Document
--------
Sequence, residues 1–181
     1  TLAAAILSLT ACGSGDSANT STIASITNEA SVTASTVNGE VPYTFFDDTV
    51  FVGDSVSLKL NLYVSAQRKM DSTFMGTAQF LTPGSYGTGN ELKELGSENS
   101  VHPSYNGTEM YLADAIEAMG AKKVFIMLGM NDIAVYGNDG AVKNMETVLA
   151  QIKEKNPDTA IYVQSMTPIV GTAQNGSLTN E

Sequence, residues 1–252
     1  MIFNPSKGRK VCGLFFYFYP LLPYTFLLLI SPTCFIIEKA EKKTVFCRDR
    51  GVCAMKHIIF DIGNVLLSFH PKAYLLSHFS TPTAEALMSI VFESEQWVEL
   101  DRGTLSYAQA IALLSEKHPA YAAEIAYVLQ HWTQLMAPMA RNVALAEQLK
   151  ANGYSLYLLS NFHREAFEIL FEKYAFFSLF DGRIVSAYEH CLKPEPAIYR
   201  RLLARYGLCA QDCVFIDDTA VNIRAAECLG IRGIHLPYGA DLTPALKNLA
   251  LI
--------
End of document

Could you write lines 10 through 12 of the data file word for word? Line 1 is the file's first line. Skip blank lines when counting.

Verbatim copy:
   151  ANGYSLYLLS NFHREAFEIL FEKYAFFSLF DGRIVSAYEH CLKPEPAIYR
   201  RLLARYGLCA QDCVFIDDTA VNIRAAECLG IRGIHLPYGA DLTPALKNLA
   251  LI